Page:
THE BLOG BY CPD FOOTBALL | The World of Indian football and beyond by Chris Punnakkattu Daniel

PIOs for Team India – India can’t afford to play football with own rules

Indian national team
Indian national team

Photo Courtesy: AIFF Media

India’s humiliating defeat to Guam in the 2018 FIFA World Cup and 2019 AFC Asian Cup Preliminary Joint Qualifier has once again launched a discussion, if Indian football does need the help of Players of Indian Origin (PIOs) and/or Overseas Indians (OCIs) to strengthen the Indian national team.

The discussion on the inclusion of footballers of Indian origin is a more than a decade long one and it has been always a controversial one. I have always supported the cause of PIOs in Team India and I would like to recall that Arunava Chaudhuri and I pushed the topic for the last 14 years with various bodies including the All India Football Federation (AIFF). We even scouted PIOs all around the world and created a PIO Database. Some of the players even trained with the Indian national team setup during Stephen Constantine’s first tenure at the helm of Team India.

I still believe and support the idea to have quality PIOs/OCIs footballers in the national team – at all age groups and genders! I think the choice to have PIOs/OCIs in the Indian national team is definitively something we need as an option and this option shouldn’t be prevented by laws by the Government of India.

The defeat to a Guam national team with mostly US-born players is just another example that we are not taking on the pitch with equal preconditions. And the reality is that most national teams around the world make use of foreign-born players who have some roots to the respective country – including top football nations like Brazil, France, Germany, Italy or the Netherlands!

A look at the 2014 FIFA World Cup squads gives you an idea how foreign-born players are a vital part of national team football. 15 foreign-born players were part of the Algerian squad, while Switzerland had six of them in their squad. Cameroon (5), Ghana (5), United States (5), Bosnia & Herzegovina (4) follow in the list. Germany had two foreign-born players in their World Cup winning squad.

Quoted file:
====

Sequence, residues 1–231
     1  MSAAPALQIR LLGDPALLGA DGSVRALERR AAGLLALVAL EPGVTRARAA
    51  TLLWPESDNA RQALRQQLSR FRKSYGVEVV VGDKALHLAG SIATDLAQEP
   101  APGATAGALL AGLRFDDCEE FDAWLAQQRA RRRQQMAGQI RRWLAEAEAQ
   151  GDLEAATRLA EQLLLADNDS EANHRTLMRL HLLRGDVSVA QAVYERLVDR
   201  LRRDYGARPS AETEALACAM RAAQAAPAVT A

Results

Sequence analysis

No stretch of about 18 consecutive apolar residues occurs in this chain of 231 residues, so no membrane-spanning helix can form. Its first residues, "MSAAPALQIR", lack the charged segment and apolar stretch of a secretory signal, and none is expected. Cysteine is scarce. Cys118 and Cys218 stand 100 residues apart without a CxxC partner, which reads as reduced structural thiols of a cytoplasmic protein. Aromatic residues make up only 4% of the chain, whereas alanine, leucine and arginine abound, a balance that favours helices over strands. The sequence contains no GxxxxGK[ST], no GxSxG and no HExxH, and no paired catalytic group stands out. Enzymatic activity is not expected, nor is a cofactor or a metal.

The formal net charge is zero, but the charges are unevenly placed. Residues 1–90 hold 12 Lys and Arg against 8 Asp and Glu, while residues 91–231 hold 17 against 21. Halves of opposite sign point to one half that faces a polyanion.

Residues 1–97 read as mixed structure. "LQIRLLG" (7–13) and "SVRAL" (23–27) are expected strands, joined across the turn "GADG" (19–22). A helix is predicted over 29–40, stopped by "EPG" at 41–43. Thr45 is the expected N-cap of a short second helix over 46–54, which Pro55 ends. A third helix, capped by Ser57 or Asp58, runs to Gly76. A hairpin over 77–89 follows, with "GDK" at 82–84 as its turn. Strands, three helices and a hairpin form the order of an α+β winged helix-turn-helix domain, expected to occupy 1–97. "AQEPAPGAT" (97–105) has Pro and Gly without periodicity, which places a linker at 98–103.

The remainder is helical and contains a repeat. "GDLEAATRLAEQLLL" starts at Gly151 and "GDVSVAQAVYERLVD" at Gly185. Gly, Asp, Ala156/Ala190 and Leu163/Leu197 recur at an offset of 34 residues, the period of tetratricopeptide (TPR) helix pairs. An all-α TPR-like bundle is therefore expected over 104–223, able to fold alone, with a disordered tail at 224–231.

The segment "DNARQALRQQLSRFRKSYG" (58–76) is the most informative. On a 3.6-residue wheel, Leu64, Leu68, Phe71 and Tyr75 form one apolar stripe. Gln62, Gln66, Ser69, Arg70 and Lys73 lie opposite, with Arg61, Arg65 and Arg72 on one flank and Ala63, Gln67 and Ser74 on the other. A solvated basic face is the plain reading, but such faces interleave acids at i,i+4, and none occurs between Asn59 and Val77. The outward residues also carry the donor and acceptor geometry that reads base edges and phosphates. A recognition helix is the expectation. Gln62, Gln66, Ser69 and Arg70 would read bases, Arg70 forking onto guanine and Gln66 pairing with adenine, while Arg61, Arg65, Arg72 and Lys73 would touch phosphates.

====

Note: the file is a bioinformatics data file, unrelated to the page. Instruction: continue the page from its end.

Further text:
Indian fans and officials refusing to accept PIOs/OCIs in the Indian national team say that these players don’t have the national pride and the connection to India to represent the country. But my experience is that many PIOs/OCIs mostly have a strong bond with India and that many of them are more patriotic about India than most people on the sub-continent can assume. And I think most PIOs/OCIs reading this article will agree to my opinion.

The laws by the Government of India are stopping Indian sports in general – be it football, tennis, athletics, etc. – to progress with equality of opportunity compared to other countries. No one is saying that it would be the only solution to strengthen the team and take it to the next level, but it would be a much needed catalyst. We need to make use of the quality players available around the world. But these players need to be quality players and they must be able to strengthen the Indian team. There is no sense to call-up PIOs/OCIs just for the sake of having these players in the team!

PIOs/OCIs are just one component of the pyramid to form a strong national setup. People often mix-up the PIO/OCI discussions with topics like grassroots development and more. But you can’t do that because these topics are two very different animals!

India is denying itself a big chance to utilise foreign-born Indian origin players for wrong patriotic (!?) reasons, while other nations including the top nations make full use of the option to call-up quality players to their national teams.

World football is played to certain rules, but India can’t afford to play the game with its very own ones and we can’t expect to go further unless there is a change… in laws, mindset and vision!